Posts tagged ‘political correctness’

September 3, 2012

Mad Stuff

I just started a new blog about expats (us) returning home (maybe) which you can find here.  In my first post I used the word loony bin.  Since I wasn’t even sure how to write it (loonie vs. loony) I thought I better say a few words about it.

Probably the most famous movie about a “loony bin: One Flew Over the Cuckoo’s Nest, pic: onlinewatchmovies.net

A loony bin is where you end up if you have gone certifiably insane or in more politically correct word if you suffer from a serious mental illness.  Since we are already politically correct let’s get it over with and use the proper term for such an institution which is something along the lines of mental health facility, mental health institution.  I am sure there are even more politically correct terms for such places, used especially when a famous or somewhat famous person publicly ends up there – something like “rehabilitation facility” or alike.

Just like other languages, too, – I can vouch for German – there are many words, mostly unkind and politically not correct for mental institutions.  Here are a couple more English one:

nut house – being crazy is also called “being nuts”

funny farm – not sure why it would be so funny

The loony bit is derived from lunatic which is an adjective used to describe mad people (based on the old believe that a full moon will make people crazy, or turn them into werewolves).  Why bin?  I don’t know but since a bin is something where things are kept in a somewhat unorderly fashion the expression probably means just that: place where crazy people are kept.

August 9, 2012

In Defense of Californias Elementary Schools

I have pretty much given up blogging about the California school system and it’s shortfalls, specifically the political correctness which often lies like a sticky blanket on everything that should be fun from candy to a good playground fight.

Mobbing is nasty, pic: http://www.recognizeabuse.com/bullying/what-is-mobbing/

 

Today, though, I have to raise my voice in defense of the political correctness and mollycoddling which surprises no-one more than me.  I have spent the last four weeks with my family in my native German town.  My parents live in a small, save cul-de-sac with kids my son’s age around.  “Perfect”, I thought to myself, “‘precious only son’ will have some buddies (or should I say mates) to play with and I will get to do – whatever.”  What I never even considered was the fact that the lovely little neighborhood brats would gang up on my child, whose only crime it is to be a stranger

 

with the occasional strange idea about how German language should be used.  Five of them mobbed him, were absolutely nasty from the first moment on, stole his toys, refused to include him in their games, shoved dirt down his shirt and similarly nasty stuff while their parents sat by looking and saying smart and enlightening things like “that’s just how kids are”.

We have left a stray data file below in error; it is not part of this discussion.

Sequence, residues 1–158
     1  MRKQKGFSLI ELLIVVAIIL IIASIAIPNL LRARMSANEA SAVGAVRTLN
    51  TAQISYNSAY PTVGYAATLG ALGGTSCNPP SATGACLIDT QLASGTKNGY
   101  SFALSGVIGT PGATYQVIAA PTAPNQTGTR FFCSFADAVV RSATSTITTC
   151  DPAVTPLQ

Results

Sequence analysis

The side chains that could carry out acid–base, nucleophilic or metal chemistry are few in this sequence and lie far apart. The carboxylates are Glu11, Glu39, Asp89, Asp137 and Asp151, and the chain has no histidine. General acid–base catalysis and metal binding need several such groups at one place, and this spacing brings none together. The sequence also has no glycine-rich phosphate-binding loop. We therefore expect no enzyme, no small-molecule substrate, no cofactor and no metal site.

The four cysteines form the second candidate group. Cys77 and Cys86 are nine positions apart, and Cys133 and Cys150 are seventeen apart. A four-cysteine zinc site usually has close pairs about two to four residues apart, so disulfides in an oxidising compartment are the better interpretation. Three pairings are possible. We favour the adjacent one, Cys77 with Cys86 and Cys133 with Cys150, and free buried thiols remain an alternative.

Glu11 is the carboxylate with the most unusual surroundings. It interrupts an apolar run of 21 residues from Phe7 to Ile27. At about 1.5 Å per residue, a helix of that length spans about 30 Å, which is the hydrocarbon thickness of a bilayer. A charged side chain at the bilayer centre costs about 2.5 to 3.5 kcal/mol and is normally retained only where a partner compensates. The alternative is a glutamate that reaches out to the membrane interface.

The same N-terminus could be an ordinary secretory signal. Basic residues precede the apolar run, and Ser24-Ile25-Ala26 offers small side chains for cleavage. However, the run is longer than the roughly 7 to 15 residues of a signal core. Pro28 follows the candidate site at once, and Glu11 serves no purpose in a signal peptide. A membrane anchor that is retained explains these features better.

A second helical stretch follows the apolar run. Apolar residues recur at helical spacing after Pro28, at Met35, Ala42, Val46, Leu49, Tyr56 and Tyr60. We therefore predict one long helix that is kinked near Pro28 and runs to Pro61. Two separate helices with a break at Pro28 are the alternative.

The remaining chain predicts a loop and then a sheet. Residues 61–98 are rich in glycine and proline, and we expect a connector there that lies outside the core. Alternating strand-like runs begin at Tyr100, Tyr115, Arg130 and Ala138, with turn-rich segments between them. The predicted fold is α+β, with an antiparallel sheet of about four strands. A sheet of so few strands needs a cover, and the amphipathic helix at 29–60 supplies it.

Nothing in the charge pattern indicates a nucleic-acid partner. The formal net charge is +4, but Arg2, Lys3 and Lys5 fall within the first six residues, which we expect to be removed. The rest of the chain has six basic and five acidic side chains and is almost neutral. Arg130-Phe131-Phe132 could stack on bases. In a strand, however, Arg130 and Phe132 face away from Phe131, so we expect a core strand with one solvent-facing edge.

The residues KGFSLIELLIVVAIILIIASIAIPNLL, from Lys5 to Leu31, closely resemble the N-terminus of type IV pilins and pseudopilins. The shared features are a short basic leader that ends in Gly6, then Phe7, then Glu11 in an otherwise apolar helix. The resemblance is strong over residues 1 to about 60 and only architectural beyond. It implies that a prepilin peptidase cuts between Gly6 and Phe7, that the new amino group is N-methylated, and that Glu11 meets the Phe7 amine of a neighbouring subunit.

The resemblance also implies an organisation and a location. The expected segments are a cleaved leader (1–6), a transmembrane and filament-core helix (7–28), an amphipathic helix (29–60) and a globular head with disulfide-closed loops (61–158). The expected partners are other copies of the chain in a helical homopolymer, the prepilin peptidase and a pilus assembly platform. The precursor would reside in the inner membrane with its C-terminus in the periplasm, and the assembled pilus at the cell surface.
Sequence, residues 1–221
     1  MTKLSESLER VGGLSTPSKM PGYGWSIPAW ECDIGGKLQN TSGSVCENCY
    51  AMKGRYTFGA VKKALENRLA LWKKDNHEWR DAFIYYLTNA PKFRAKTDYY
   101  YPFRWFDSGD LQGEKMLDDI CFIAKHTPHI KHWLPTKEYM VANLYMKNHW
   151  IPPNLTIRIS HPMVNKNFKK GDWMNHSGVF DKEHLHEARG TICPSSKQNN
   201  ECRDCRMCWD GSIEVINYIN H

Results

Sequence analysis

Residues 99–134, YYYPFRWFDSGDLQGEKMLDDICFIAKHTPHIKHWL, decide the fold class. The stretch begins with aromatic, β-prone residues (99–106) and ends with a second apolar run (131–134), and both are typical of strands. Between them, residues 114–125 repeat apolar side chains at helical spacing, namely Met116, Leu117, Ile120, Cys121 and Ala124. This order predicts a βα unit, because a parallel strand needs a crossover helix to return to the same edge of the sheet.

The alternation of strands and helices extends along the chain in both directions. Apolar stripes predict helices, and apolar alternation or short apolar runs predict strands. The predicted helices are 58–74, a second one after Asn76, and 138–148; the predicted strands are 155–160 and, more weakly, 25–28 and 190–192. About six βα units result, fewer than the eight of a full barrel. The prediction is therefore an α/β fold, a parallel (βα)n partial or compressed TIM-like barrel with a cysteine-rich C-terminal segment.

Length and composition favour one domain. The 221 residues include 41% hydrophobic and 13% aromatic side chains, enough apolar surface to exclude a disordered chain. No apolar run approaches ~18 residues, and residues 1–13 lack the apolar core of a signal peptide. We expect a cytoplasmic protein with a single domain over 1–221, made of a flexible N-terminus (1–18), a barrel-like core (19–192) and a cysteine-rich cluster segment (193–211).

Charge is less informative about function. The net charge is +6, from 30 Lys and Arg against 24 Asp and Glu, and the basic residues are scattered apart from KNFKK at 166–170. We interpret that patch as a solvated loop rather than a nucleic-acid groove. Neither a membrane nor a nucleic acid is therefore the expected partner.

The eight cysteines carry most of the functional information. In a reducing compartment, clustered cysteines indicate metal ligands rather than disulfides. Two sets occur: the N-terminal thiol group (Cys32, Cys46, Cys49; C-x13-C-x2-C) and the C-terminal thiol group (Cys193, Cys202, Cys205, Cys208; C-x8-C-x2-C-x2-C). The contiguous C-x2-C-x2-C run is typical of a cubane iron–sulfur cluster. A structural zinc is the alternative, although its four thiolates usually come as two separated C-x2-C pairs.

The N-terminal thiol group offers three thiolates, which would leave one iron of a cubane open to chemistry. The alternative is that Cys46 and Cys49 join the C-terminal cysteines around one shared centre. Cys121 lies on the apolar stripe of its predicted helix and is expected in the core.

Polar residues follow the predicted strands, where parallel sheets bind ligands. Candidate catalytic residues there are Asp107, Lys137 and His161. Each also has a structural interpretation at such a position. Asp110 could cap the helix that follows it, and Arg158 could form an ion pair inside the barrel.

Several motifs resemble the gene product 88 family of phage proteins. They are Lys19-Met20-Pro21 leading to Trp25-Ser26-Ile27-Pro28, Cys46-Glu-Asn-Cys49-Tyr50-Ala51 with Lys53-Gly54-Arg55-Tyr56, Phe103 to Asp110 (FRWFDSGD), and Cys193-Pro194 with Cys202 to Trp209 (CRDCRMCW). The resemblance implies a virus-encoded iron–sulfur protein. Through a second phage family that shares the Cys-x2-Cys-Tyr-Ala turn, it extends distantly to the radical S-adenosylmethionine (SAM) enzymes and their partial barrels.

Now I hate to say this but where we live every parent would be mortified by such behavior and every teacher would call a conference with the parents if they observed such despicable acts.  Kids would be impressed upon that mobbing is unacceptable and that message would be delivered in no uncertain terms.  Kids learn in Kindergarten to be open and tolerant of others.  This is part of the curriculum.  Does it always work and do we have a bunch of little angles floating three feet off the ground in California?  No, of course not, but at least a serious attempt is made to train them from an early age to be caring and inclusive,  call it mollycoddling if you like but at least it isn’t mobbing and indifference.

I am very glad, I have to say, that the first day of my son’s third grade will be in a political correct school in politically correct California.

 

November 17, 2011

Another crazy day …

No such a thing in Californian schools, pic: smbtraining.com

… in the California school system.  I haven’t written about this in a while.  Kind of decided that it won’t get any better if I make a big fuss over it and have by and large been able to ignore whatever craziness came my way but today is one of those days when my son tells me a story and I just stare at him and say something along the lines of “you got to be kidding, right?”

“No, mom” he says and I say

“But this story you just told me isn’t true – you made it up?  Right?”

“No it is true, the teacher said it.”

So the story he told me was the following.  Along with such words as underwear, stupid, dumb and lame (I get the last three, no complaints there) the latest word to be banned from the class room is “easy”.  “Easy” as in not difficult.

A reasonable question in this context might be: “why on earth is ‘easy’ a bad thing to say?”  which is exactly what I asked my child.  He, looking earnestly, said “the teacher said because it might hurt someone feelings who does not think the task is easy.”  WHAT?  How far do we have to drive this craziness?  Some kid finds this easy, others that and that’s just a fact of life.   Shouldn’t they get used to that?  Isn’t that normal and a good lesson to learn?

So here we go again – another thing I need to remember when doing homework with him.  Can’t say “hurry up, you can do this quickly, it is easy.”  That just might be an insult to somebody out there.

Where, oh where, did all the common sense disappear to?

April 20, 2011

12 things you should never do in the US …

… unless you want to get in trouble, offend people, or come across as a barbarian.

So, do NOT (in no particular order):

Unthinkable!, pic: sodahead.com

  • Offer somebody under 21 an alcoholic beverage – illegal
  • Be critical and confrontational, remember that many things that are acceptable in Europe are considered rude in the US – e.g. where Germans think it perfectly normal to push into you to get past you that is considered rude and aggressive in the US